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Particular problems may arise where companies are dominated by large shareholders. It is of course possible for a company to be publicly listed, and yet owned more than 50% by one individual (clearly in that case the directors are very much beholden to that individual and can be replaced at their whim, so other shareholders will effectively have little influence on what the company does and the way it is run).

However, with many shareholders inactive, and institutional shareholders often slow or reluctant to exercise their rights, a shareholding as low as 30% can often maintain effective control.

This can often occur when a long-established company is dominated by the family of the founder, even though it may not be obvious. With several family members of different names, supported by anonymous family trusts, and strong board representation, it can be run as if it was a family business, rather than a public company.

Other situations where this applies, often in new businesses, is where the founder and other senior executives have major shareholdings. The "insiders" may take a different view of the financial priorities of the business (for example in dividend policy) than that of ordinary shareholders.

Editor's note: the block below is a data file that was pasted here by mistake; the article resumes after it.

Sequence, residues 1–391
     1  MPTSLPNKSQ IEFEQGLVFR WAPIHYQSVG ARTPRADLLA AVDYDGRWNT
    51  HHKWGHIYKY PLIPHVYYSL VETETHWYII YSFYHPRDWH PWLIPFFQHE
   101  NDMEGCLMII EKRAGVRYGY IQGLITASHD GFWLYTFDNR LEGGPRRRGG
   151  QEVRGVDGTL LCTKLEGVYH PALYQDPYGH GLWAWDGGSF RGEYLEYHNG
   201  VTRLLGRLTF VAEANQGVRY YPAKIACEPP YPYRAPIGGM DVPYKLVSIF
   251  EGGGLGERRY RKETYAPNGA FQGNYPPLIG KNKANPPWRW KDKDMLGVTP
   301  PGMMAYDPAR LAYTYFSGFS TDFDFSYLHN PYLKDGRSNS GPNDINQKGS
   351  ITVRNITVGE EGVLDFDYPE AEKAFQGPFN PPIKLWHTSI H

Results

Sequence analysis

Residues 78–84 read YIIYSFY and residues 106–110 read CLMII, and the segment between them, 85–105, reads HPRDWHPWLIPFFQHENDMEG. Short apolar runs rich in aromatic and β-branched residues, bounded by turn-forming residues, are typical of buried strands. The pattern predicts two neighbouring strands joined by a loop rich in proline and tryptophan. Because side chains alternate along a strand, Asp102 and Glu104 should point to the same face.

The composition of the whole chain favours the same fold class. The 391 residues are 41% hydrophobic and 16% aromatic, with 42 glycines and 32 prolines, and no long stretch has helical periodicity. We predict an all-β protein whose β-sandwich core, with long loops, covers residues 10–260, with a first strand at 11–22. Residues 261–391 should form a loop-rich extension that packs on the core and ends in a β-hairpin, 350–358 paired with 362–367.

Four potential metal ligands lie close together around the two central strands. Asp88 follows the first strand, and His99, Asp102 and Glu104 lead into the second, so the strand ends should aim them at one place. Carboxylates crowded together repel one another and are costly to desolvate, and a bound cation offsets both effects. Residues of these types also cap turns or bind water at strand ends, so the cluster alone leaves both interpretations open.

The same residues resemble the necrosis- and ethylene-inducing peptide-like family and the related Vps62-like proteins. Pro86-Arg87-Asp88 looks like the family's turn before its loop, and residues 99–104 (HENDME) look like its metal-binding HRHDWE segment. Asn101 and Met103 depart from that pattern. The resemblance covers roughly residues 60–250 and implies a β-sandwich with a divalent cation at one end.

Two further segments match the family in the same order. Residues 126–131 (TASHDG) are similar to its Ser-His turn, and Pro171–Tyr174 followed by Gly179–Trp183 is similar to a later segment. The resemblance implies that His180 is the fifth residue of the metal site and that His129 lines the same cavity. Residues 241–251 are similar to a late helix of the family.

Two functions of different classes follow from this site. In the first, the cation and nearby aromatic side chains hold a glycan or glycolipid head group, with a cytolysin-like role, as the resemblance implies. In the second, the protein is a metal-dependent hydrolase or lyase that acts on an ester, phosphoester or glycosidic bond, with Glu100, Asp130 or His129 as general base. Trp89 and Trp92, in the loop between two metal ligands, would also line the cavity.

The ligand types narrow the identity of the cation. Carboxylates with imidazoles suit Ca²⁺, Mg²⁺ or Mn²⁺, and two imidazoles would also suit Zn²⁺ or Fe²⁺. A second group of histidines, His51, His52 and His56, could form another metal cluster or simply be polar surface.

A particular problem that can arise is where undisclosed "concert parties" are present. Concert parties are where groups of large shareholders act together for a common purpose (for example in a takeover bid), and such concert parties should be disclosed to the regulatory authorities. But enforcing such disclosure or demonstrating that shareholders are acting together to prejudice other minorities can be exceedingly difficult.

Dominant groups of shareholders often have representation on the board, thus exercising even more direct control of the company. Although directors should only act in the interests of the company, interpretation and enforcement of that role is not easy. They may well act more in the interests of ordinary shareholders rather than those of company creditors or other classes of shareholders such as preference holders.

UKSA would like to see more regulation of these matters, and more rights for minority shareholders in public companies.

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